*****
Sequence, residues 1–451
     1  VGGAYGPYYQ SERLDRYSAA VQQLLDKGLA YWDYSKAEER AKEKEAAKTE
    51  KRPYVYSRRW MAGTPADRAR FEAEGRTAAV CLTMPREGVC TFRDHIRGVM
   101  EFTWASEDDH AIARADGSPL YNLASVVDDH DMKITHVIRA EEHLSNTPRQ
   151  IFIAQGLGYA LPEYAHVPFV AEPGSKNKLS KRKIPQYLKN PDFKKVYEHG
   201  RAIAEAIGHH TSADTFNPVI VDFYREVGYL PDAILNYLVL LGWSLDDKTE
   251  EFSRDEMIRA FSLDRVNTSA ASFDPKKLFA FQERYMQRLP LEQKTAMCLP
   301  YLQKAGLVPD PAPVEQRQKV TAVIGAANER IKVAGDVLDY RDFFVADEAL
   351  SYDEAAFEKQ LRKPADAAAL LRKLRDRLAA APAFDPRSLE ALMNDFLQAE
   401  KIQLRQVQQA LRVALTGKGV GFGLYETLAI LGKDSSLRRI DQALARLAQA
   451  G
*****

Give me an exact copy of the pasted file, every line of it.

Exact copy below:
Sequence, residues 1–451
     1  VGGAYGPYYQ SERLDRYSAA VQQLLDKGLA YWDYSKAEER AKEKEAAKTE
    51  KRPYVYSRRW MAGTPADRAR FEAEGRTAAV CLTMPREGVC TFRDHIRGVM
   101  EFTWASEDDH AIARADGSPL YNLASVVDDH DMKITHVIRA EEHLSNTPRQ
   151  IFIAQGLGYA LPEYAHVPFV AEPGSKNKLS KRKIPQYLKN PDFKKVYEHG
   201  RAIAEAIGHH TSADTFNPVI VDFYREVGYL PDAILNYLVL LGWSLDDKTE
   251  EFSRDEMIRA FSLDRVNTSA ASFDPKKLFA FQERYMQRLP LEQKTAMCLP
   301  YLQKAGLVPD PAPVEQRQKV TAVIGAANER IKVAGDVLDY RDFFVADEAL
   351  SYDEAAFEKQ LRKPADAAAL LRKLRDRLAA APAFDPRSLE ALMNDFLQAE
   401  KIQLRQVQQA LRVALTGKGV GFGLYETLAI LGKDSSLRRI DQALARLAQA
   451  G